The bust was located on a bench outside the Historic DeKalb Courthouse facing Ponce de Leon Avenue, allowing residents and visitors to sit and take pictures with the Founding Father. It was made by famed sculptor George Lundeen, according to the city's website.
On the other side of the courthouse, the controversial obelisk memorializing the “Lost Cause” Confederate movement was taken down by DeKalb County late Thursday night after a judge ruled it was a public nuisance and ordered its relocation. Local officials and activists had been pushing for its removal for years.
Garrett said the Jefferson statue was also "gone by Friday morning." Protests against racism have reignited discussions about whether historical American figures should be memorialized with grand, public statues. New York City Council members have called for a Thomas Jefferson statue to be removed from City Hall, according to NBC New York. New York City recently said a statue of Theodore Roosevelt flanked by a Native American man and African man would be removed. Protesters in Portland, Oregon set fire to a statue of George Washington before pulling it to the ground, CNN reported.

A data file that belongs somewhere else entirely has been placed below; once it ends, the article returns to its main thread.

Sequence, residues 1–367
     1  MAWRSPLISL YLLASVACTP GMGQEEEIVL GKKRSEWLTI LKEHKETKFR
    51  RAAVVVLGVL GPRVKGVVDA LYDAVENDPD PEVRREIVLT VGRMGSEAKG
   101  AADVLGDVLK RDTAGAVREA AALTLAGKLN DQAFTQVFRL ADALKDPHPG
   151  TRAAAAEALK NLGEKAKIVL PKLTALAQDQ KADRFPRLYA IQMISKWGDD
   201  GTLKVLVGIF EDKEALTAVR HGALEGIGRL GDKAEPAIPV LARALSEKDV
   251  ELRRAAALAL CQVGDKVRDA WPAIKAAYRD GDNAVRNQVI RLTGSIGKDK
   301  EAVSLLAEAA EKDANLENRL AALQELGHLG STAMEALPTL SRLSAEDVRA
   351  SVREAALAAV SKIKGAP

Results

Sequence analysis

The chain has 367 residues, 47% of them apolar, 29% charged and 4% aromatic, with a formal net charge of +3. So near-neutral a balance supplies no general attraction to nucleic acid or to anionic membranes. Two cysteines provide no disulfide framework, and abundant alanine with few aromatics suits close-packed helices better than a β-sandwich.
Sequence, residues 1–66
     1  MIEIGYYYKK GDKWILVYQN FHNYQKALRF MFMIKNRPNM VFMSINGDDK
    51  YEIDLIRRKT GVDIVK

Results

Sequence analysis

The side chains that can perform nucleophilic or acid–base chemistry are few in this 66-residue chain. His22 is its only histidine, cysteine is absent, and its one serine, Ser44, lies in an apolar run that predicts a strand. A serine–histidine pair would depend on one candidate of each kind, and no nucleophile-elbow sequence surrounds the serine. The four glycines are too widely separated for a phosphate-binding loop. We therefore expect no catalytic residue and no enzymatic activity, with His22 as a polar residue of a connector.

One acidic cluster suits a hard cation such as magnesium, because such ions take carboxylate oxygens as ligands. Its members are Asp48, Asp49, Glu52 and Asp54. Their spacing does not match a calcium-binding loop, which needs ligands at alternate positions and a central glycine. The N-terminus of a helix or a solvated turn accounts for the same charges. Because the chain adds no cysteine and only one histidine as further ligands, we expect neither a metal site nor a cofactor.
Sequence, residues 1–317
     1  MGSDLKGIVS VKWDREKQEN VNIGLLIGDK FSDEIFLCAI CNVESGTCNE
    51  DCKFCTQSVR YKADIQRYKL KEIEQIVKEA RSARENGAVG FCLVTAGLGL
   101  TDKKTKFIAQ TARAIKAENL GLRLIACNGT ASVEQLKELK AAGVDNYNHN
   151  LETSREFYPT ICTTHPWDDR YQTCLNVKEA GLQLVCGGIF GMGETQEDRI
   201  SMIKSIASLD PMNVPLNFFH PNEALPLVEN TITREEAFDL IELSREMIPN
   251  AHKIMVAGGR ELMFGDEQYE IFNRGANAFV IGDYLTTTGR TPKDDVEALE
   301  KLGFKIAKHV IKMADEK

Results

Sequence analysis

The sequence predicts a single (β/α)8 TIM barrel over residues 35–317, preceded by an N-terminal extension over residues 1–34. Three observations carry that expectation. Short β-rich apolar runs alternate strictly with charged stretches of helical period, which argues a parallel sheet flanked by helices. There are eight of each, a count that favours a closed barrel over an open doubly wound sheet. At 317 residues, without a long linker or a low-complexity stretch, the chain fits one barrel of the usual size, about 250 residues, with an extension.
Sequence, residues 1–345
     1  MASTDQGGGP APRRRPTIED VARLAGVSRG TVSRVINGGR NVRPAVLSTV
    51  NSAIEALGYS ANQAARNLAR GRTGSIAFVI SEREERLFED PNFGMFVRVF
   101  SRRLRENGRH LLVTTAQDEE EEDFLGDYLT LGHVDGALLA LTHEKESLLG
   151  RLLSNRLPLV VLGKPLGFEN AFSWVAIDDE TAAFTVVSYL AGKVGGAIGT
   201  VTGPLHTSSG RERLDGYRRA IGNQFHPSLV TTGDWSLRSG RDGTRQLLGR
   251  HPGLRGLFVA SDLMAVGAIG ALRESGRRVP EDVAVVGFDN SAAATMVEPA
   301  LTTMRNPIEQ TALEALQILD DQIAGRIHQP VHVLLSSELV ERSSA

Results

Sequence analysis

Locally, debates continue over statues and monuments to the Confederacy. More than 40 descendants of former Gov. John B. Gordon sent a letter to Gov. Brian Kemp over the weekend asking that the statue of Gordon, sitting in full Confederate regalia, be removed from the grounds of the Georgia Capitol. Aside from being a Confederate general, Gordon is generally acknowledged as being a leader of the Ku Klux Klan in Georgia.
“I think there are just a lot of conversations that we need to have right now,” Garrett said.
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